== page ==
Everything you have to share is not intended for everyone to hear. Whether it’s a promotion at work, baby on the way, or the reuniting with a long lost love, when it comes to sharing your good news every listening ear has a level of readiness to receive. I’d like to introduce you to what I call the zone of proximal readiness. You can use this zone to determine to what extent a person is best ready to celebrate the good news with you.
To understand this idea, let’s explore a concept known throughout the field of education as the Zone of Proximal Development (ZPD). The “zone” is the space between where you can perform a task on your own, and where you can do something only with guidance. The ZPD is an indicator about what a person is ready to learn, based on what they already know.
As an example of being in your zone, think about your ability to fly an airplane. If you’re a licensed driver, then you probably know how to drive a vehicle. For you, learning to operate a tractor could be less challenging than for someone who’s never driven any vehicle before. With a bit of guidance from an experienced pilot (and maybe a lot of practice), you could learn to fly with ease. For someone who has never been behind the wheel of any vehicle — car, plane, boat, tractor — driving is a task that lies outside of their zone. It would take even more learning for them to get to the point where they are ready to drive.
Your zone of proximal development is the place where learning something new for you feels just right — it’s not too difficult that you are frustrated, and it’s not so easy that you are not growing. The reason learning feels appropriate in your zone is because you bring a certain amount of knowledge and experience to the new learning. You’re able to use what you know to learn what you don’t know.
Just as there is the Zone of Proximal Development for learning, I’d like to propose that there is also a zone of proximal engagement, or the space indicating a person’s readiness to converse on a subject. The zone is the intersection between experiences and beliefs as it relates to a particular topic. Experiences teach people how to navigate situations. They also help people form opinions in order to establish what they believe to be true. Talking with someone who is in your zone of proximal engagement feels good, and it’s a conversation you want to continue.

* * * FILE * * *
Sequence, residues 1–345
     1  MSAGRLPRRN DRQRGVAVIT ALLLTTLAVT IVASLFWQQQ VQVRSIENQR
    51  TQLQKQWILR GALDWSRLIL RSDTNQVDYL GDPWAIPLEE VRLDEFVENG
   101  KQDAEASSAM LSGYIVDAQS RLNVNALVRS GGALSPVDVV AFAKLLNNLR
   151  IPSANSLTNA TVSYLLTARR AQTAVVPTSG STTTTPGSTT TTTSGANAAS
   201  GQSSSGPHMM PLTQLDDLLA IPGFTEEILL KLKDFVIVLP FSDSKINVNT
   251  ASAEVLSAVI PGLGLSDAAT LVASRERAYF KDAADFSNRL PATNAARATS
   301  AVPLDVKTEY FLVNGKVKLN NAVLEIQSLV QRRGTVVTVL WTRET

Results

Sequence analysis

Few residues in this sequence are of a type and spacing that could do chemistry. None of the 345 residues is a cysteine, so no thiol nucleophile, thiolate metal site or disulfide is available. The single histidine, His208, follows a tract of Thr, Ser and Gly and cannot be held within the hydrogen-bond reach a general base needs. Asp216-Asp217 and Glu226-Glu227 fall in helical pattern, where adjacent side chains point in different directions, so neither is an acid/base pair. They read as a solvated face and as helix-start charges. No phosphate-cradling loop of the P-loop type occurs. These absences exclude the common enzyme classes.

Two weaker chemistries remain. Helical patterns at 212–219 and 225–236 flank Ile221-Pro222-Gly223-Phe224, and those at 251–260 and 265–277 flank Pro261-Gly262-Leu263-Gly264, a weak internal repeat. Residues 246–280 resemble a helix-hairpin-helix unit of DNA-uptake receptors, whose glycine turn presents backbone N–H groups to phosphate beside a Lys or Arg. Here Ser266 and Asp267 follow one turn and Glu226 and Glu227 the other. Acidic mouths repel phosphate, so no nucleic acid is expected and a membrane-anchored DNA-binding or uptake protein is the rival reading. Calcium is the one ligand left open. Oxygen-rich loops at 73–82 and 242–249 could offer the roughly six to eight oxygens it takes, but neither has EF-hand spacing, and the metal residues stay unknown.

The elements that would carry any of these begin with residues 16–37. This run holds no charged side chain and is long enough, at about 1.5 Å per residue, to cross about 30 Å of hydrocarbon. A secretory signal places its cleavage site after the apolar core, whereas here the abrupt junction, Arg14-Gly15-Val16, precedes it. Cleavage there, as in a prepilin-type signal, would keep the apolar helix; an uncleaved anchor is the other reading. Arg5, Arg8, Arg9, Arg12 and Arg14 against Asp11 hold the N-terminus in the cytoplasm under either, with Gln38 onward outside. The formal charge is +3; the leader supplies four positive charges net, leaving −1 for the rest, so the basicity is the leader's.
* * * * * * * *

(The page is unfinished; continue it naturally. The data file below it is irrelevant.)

So you have just received a promotion at work! Congratulations! You share the news with your cousin who happens to be in the zone intersecting her three year unemployment streak (experience) with her pessimism about the job market (belief). Your cousin is not in your zone at the present time (perhaps she will be at a later date). She wasn’t the right person to share your good news with because her readiness to receive the information is rooted in experiences she could have perceived as bad luck.
Her beliefs about available opportunities may have been challenged because she hadn’t seen success as it relates to securing work. You met your cousin outside of her zone, and it was probably uncomfortable for her.
Sharing your good news with people who are outside of your zone can be challenging for them. Even our loved ones who have the best intentions to support and celebrate us bring their own set of experiences and beliefs that can trigger unexpected responses to your good news. In order to find out if the person is equipped to embrace your good news, take the time to stand in their shoes. Can the person relate to what you have to share based on their experiences? If so, were the experiences perceived as positive by them? The next thing to consider is what the person believes to be true about the topic. Are their beliefs compatible with yours? Contradictory to yours? Or neutral?
Taking a moment to understand the other person’s perspective can help you enter into a conversation with a greater understanding of how they may react. Your preparation alone will help you determine if you should share your good news with the person. Remember, everything you have to share is not intended for everyone to hear.
(Note: Although this article is about having sharing good news with people inside your zone, I encourage you to step outside of your zone sometimes. As the saying goes, life begins outside of your comfort zone. Doing so is a great way to stretch your thinking and to grow. People outside of your zone can challenge you to think differently, and can offer varying viewpoints.)
Fenesha Hubbard, a student of metaphysics for nearly 25 years, facilitates learning by helping people navigate difficult topics with ease. She is a lover of life and chooses to make it great daily. Check her out at fenesha.com.